So we have this . They are those tube like canisters, ones that you see at Panera Bread where you push down on the top and the coffee comes out. Anyway, I used to get mad when I would in the break room, push down on the tab to hear "puffffft". This is an annoying sound that translate to "Hi, I am empty. The last person here that got a cup of coffee heard this noise too. But, they did not start a new pot that only takes 30 seconds to prepare and 5 minutes to brew. This person is an asshole." I would get mad and then refuse to make another pot because I made the last 3! Trying to...better myself, I decided to play a little reverse physiology on fate. Also, to maybe try and be a calmer more peaceful Jody. When I hear the "pufffft" now, I celebrate like Alex Ovechkin. I call out "Whoah! I am a winner! Yeah baby! Goal!" Sometimes I am alone doing this.
Other times, there are people in there I know and they laugh at me. However, sometimes there are people in there that don't get my humor. I did it today. The Marketing department just moved onto our floor. So, two ladies are in there drink coffee...yes, a fresh cup of coffee that must have come from the coffee canister I am about to approach. Knowing there two ladies are infamous for drinking gallons of coffee (brown teeth and coffee stained shirts to prove it), I go into a sporting event commentator's speach..."Harvey has the puck (I am approaching the coffee canister), he deeks left, back hands the puck "(I push down on the canister button to hear the 'puffft' ) "He scooooooores! Ladies and gentleman (as I start to disassemble the canister and brew more coffee) Jody Harvey is only one away from a hat trick today. Unbelievable!" I would jump into the vending machine like OV does to the glass after a goal, but I am afraid I would break it. The ladies, clearly annoyed with my antics, roll their eyes at me get up and leave the break room. While others I know passing by laugh hysterically.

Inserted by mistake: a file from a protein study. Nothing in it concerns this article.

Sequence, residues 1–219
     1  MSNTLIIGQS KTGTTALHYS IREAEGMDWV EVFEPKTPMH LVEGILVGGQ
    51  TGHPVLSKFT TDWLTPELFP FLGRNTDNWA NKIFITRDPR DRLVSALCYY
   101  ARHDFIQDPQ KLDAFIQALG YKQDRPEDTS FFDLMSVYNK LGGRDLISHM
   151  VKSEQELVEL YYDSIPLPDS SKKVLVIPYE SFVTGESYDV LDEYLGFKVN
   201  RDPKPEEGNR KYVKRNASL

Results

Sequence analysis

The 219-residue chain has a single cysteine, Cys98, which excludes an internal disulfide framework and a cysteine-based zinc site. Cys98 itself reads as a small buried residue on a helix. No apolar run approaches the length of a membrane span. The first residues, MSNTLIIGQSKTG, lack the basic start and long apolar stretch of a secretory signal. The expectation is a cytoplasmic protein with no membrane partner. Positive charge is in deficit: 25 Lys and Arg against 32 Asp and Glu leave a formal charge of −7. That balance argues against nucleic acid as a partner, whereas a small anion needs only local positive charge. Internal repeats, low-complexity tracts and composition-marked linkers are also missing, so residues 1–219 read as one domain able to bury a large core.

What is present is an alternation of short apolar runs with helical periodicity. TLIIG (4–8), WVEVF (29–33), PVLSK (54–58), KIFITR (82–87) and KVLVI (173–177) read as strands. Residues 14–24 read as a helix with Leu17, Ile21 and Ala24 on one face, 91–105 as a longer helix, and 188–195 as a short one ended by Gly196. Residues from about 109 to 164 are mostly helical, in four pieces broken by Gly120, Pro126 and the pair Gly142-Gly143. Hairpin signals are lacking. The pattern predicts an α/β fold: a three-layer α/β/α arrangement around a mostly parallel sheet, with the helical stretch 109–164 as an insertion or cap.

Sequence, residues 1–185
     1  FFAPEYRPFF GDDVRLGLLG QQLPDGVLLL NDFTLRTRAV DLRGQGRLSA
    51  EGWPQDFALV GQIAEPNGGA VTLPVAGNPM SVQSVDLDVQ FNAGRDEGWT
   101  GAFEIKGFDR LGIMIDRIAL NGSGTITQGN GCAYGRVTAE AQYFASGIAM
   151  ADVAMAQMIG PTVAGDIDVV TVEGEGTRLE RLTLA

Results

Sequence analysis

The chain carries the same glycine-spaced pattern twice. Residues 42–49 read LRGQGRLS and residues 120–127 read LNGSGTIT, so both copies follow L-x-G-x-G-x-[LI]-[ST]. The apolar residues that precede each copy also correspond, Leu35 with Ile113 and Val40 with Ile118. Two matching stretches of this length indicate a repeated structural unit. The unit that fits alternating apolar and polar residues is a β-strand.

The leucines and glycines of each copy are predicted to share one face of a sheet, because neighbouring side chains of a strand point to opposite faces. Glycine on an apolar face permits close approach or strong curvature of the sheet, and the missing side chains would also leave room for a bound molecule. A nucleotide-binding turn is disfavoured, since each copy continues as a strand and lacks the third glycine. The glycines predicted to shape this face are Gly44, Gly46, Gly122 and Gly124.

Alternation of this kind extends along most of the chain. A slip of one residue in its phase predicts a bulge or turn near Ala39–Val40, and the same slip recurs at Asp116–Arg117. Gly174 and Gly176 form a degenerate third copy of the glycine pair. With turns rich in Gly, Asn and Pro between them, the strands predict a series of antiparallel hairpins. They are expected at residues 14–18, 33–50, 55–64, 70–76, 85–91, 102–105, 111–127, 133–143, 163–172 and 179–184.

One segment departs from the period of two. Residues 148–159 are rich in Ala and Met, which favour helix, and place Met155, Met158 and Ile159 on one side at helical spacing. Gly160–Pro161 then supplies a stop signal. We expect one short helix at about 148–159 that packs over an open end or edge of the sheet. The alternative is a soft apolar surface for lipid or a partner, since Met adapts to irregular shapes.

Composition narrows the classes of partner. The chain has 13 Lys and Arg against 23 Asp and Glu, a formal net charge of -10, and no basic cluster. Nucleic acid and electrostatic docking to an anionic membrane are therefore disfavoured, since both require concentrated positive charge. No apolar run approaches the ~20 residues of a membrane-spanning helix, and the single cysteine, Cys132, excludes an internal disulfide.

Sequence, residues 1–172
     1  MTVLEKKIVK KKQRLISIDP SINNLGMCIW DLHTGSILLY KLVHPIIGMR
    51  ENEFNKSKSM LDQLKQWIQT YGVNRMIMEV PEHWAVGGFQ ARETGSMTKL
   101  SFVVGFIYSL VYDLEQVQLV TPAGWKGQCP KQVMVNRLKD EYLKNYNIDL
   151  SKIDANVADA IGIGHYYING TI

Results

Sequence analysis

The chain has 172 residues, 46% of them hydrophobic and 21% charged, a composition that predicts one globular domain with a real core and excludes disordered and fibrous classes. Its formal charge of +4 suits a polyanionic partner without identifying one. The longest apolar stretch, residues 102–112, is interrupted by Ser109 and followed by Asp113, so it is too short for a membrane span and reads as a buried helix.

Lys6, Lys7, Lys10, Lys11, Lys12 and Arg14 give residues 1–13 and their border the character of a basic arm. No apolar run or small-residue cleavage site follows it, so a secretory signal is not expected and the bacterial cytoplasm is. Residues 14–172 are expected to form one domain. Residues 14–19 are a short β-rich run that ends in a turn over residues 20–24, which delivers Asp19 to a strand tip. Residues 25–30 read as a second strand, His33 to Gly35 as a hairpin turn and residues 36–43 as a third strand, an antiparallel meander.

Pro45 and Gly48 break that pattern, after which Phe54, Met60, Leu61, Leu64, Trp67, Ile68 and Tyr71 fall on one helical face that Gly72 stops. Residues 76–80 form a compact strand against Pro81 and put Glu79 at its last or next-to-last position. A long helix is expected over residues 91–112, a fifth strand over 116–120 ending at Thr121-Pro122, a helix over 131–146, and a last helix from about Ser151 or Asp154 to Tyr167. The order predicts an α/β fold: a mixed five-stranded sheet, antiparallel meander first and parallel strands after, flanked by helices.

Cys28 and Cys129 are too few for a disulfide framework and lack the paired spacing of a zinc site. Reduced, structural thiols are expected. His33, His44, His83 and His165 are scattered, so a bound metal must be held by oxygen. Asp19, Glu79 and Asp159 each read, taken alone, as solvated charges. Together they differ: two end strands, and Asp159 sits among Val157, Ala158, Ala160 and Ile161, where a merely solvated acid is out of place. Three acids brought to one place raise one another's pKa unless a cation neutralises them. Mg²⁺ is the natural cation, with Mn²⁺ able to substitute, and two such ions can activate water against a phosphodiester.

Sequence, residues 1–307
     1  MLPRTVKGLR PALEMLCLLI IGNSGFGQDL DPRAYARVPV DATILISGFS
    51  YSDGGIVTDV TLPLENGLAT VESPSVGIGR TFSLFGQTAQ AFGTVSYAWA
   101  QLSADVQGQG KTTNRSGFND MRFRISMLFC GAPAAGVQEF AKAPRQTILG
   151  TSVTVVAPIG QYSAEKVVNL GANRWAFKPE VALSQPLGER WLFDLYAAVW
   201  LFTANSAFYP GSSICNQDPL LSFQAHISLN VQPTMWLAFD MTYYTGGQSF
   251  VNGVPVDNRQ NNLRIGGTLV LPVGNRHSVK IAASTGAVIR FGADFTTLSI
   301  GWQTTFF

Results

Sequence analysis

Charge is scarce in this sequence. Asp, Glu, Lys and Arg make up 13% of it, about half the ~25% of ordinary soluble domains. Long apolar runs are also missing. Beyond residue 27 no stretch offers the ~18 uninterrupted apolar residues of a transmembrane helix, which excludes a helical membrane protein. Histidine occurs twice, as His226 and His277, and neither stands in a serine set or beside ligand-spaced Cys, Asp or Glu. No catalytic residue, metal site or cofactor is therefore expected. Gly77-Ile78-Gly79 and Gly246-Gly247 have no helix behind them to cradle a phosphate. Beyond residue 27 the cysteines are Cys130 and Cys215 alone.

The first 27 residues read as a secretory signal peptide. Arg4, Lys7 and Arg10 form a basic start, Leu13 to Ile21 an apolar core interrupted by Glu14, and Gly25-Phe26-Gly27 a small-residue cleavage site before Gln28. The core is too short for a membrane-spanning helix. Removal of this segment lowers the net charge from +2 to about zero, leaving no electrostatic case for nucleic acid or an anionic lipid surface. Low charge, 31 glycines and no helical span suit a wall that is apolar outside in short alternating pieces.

Sorry, it just plain rude not to start a new pot after you just killed the last cup.
Tuesday, February 9, 2010
Wednesday, February 3, 2010
The last three years I have felt I have been part of something special. Even, elite. This race is fairly new. Only in it's 4th year, The North Face Endurance Challenge has only been ran 2 times in the D.C area. The 3rd one was washed out due to a tropical storm. Even though it has only been ran twice, I was a part of it. The first year it was ran at Great Falls Park. It was brand new. I only noticed it through Runner's World Magazine. I signed up for it before I realized, THIS IS A TRAIL RACE! I was brand new to racing and a bit too excited about the sport for my own good. My eagerness and ignorance paid off. My first trail race ever had me hooked.
I ran the 10K that early September morning. It went by so quickly, I don't even recall the details. Only that its was dirty and hot that day. The trail was not as difficult as I thought it would be, but FAR more interesting than boring old road. As I finished the race, I kept hearing the name "Dean Karnazes". As I said, I was fairly new to the sport and had no idea who this guy was. I blew off the after party. Went home and Googled the name. I found out that Dean was, well, a big deal! Having missed the chance to meet someone that has had so much to do with this race, I was determined to be one of the first in the following year to sign up.
The next year, I signed up for the half-marathon. I was ready. And I was, sort of. The race that year was washed out. And I was pretty disappointed. The race was in my neighborhood, on trails in my hood. I had an advantage. I was pretty worried that the race wouldn't run again in my area. I was surprised when it was. But we will get to that and my tips. First, let me tell you what they did when the race was canceled. First, they gave us half of our money back, awesome North Face technical shirts that have the Endurance Challenge on the sleeve (you can only get those if you were in the race), North Face socks, a North Face winter hat and a happy hour at a hotel. My family and I went to get the booty at the hotel. And as we walked in, there he was, Dean Karnazes. Everyone lined up to meet him. It was a bit of mad house. My son, managed to talk to the ladies assisting Dean and he was allowed to draw numbes for the raffle. After which, Dean personally came over to meet my son, sign an autograph, give him a couple hats for himself and sister and take a picture with him. A great guy all around. My son and I read his first book at this great evening. So, it was a total wash out.